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Nurses with a masters don't do beside nursing ?

Posted

Specializes in LTC. Has 6 years experience.

last night i heard a nurse say something that i thought was kind of disturbing.:banghead: she was talking about another nurse whom just received her masters, and how she can't believe she is still going to do bedside nursing.

she then said(loud enough for patients to hear) " if i get my masters, you'll never see me in beside nursing" i'll have a much better job, and won't have to deal c- patients".

when she said that, i cringed. i know nurses with masters have a higher eduacation, but does it mean that they will never work as a beside nurse again? are they above bedside nursing?

i may pursue my masters, because i would love to teach... however i don't see myself thinking i'm too good for beside nursing just because of a masters degree.

anyway tell me what you think...

traumaRUs, MSN, APRN, CNS

Specializes in Nephrology, Cardiology, ER, ICU. Has 27 years experience.

I have a masters degree and while I don't do staff bedside nursing, I certainly see consults in the ER and ICU and if they need to be repositioned, gotten a blanket or if I can asssist with pulling a pt up in bed, I do so. However, my role is not that of a bedside nurse. It doesn't mean I didn't like it because I did - its just if I do a lot of bedside tasks, I can't get my own work done.

Also - I'm 50 now and plan to work another 15-20 years and to be honest, I doubt I could keep up the pace at that age that I can do now. A masters degree gives you more options. It doesn't mean you don't like bedside care, just that as we age, we need other options.

LibraSunCNM, MSN

Specializes in OB. Has 10 years experience.

I had several clinical instructors in nursing school who had their masters' in nursing education and still worked at the bedside. However, if you get a master's to become an NP, CRNA, or CNM, you're obviously looking to move away from direct bedside nursing.

Caffeine_IV

Specializes in LTC, med/surg, hospice. Has 7 years experience.

I've worked with a master's prepared nurse as a floor nurse. But usually if someone has gone that far in their career, it's specifically to get away from bedside nursing. Not that they are above it, but they don't want to do it any longer and that is ok. Bedside is not for everyone.

Also the pay for your master's being a floor nurse is not that much more than BSN. So it may not be lucrative for them as management or other nursing careers..I really don't know.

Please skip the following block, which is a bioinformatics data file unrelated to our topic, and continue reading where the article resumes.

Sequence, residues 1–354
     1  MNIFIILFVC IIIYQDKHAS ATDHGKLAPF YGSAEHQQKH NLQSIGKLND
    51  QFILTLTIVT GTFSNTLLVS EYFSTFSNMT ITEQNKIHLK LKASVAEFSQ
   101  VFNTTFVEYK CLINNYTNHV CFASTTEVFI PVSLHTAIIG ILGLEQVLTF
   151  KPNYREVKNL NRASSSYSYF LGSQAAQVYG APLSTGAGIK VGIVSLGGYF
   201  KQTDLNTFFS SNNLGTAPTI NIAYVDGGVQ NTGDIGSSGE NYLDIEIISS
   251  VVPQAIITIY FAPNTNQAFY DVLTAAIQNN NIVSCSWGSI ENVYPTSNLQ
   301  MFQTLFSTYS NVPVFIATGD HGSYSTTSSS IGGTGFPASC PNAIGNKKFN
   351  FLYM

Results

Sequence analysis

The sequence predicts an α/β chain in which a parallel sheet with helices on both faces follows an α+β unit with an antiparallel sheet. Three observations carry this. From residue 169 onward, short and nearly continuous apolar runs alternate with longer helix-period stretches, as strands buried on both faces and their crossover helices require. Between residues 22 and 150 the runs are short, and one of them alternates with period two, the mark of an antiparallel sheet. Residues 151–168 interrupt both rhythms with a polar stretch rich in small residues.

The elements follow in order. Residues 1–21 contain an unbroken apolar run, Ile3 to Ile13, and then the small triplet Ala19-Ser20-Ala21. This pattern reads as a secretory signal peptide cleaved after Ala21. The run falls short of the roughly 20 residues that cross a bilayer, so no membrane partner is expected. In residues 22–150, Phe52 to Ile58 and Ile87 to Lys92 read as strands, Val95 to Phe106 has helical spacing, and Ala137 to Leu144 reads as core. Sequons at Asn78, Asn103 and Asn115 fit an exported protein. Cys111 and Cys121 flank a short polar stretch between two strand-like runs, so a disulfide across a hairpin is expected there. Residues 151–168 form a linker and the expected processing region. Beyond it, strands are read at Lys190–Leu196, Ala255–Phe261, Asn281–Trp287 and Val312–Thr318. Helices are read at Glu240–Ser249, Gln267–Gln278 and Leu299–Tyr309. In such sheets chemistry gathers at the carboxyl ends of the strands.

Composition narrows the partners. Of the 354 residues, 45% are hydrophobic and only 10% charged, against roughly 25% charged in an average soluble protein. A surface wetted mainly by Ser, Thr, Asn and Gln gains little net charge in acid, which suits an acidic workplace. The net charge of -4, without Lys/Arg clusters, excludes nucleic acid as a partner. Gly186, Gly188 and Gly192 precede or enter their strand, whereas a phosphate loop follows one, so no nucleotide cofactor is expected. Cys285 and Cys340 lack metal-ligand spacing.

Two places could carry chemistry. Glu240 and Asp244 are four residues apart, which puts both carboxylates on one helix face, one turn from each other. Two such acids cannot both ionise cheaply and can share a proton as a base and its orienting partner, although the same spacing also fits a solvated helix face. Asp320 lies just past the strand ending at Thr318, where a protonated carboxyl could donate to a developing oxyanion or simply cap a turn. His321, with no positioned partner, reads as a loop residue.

I have a master's and a doctorate degree in nursing. I worked for the past five years doing prn at the bedside in my spare time. Some months I have spare time to work, others I don't. But I don't feel like I'd never work the bedside because of an advanced degree. I'm an educator, and train future nurses, so I need to know what is happening at the bedside. It has been an eye opener for me.

MAISY, RN-ER, BSN, RN

Specializes in ER/EHR Trainer. Has 6 years experience.

Everyone has their gifts and should use them as they see fit. I am not sure the letters behind your name take you away from bedside nursing, they just give you other avenues to practice different types of nursing.

I love/hate the ER, I would love to do the job I believe should be done; but staff/patient ratios do not allow me to practice the way I feel would be both safe and satisfying to the patient. I am working on my Masters, and I don't know where I will end up. Perhaps I will lobby for safe working conditions, perhaps I will move into the business ranks and fight for better working conditions, go into education, branch off into my own business....who knows?

Bedside nursing is not the only kind, and I think it's good that people have a wider vision of what nursing, could/should be!

subee, MSN, CRNA

Specializes in CRNA, Finally retired. Has 48 years experience.

My master's program REQUIRED that the educators work at the bedside, clinic or in a non-teaching position for a day a week. Keeps them useful and in touch. Also, bedside nursing pays better often.

After receiving my MSN, I remained at the bedside. One, I enjoy it, and two, as a staff nurse, I still had the time to either teach and/or continue my own education. Now I am only per diem because I am in school full-time--there is only so much of me to go around.

That was wrong of that nurse to yell that out within earshot of patients. Shame on her.

luvschoolnursing, LPN

Specializes in School Nursing. Has 23 years experience.